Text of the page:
Degree Name

Master of Engineering (Hons.)


Department of Materials Engineering


The resistance spot weldability characteristics of three commercially available electrode compositions, Cu/Cr, Cu/Cr/Zr, and Cu/Zr have been investigated when welding three metallic coated sheet steels: aluminium 45% zinc, galvanised and galvanneal steels. Electrodes were evaluated using weldability lobes and electrode life tests. The aggressive nature of the erosion process encountered for Al-45%Zn and galvanised steels masks the influence of small additions of alloying elements such as Zr on electrode life. However, for galvanneal steel where the erosion process is more gradual, the Cu/Cr/Zr electrode proved to be the most effective in obtaining maximum life. The development and composition of alloy layers which form on the tips of each electrode used to weld galvanneal steel have been identified from the outside as: a surface oxide sublayer (ZnO), a porous Fe-Zn sublayer (F phase: FesZnio), a hard and brittle gamma (y) brass (CusZng) sublayer, and a ductile beta (p) brass (CuZn) sublayer, and then the Cu/Cr substrate. The feasibility of depositing a surface coating onto Cu/Cr electrodes to mitigate the formation of alloy layers and thus extend electrode life was also investigated. Physical vapour deposition of Cr using unbalanced magnetron sputtering and filtered arc evaporation extended the life of Cu/Cr electrodes by 100% from approximately 420 to 840 welds when welding Al-45%Zn sheet steel. Although extension of electrode tip life was achieved it has been established that the life determining failure mechanism of coated electrodes is by gross plastic deformation of the electrode tip due to the extreme temperatures and repeated compressive forces generated during the welding operation. It is therefore proposed that future work should aim to improve the mechanical properties of the electrode material in order to provide a strong base capable of supporting a thin liquid metal resistant coating. This is essential to take full advantage of the benefits that thin film coatings have to offer.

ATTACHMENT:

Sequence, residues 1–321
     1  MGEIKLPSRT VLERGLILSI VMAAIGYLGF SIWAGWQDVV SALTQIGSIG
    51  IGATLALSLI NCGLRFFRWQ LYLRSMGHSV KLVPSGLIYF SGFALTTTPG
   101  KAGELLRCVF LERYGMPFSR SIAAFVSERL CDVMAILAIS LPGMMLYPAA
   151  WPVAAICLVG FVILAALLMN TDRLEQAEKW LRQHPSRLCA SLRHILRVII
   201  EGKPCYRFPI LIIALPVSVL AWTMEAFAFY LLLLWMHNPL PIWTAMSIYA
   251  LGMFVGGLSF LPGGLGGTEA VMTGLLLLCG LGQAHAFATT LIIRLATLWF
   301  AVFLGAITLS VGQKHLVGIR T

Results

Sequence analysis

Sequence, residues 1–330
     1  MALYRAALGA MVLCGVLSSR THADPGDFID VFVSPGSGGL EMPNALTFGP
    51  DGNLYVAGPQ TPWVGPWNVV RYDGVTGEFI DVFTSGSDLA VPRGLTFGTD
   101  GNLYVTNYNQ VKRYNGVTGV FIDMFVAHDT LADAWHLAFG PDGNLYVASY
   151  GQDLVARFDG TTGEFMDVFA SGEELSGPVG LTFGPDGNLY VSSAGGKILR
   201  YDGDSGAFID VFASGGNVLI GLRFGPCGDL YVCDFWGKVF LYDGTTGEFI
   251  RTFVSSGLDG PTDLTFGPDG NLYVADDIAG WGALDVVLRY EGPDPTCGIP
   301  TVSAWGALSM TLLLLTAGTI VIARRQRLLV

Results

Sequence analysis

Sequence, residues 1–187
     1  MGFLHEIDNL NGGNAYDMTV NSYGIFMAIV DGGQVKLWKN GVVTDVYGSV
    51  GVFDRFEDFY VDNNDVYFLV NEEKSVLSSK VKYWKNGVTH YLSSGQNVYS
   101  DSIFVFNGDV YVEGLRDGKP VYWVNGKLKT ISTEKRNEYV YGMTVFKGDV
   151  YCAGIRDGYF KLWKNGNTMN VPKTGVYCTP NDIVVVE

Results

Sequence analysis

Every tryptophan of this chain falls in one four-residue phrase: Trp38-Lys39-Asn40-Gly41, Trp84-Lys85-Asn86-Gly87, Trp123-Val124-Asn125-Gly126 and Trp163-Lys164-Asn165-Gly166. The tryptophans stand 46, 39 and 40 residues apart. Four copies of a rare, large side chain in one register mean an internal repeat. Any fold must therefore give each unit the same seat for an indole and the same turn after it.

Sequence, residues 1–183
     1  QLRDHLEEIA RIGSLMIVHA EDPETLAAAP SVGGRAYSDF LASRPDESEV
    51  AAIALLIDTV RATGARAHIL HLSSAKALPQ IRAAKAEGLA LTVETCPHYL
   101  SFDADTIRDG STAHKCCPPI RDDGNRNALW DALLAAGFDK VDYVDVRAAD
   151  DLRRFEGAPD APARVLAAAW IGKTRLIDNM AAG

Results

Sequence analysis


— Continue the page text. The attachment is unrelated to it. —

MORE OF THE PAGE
Unless otherwise indicated, the views expressed in this thesis are those of the author and do not necessarily represent the views of the University of Wollongong.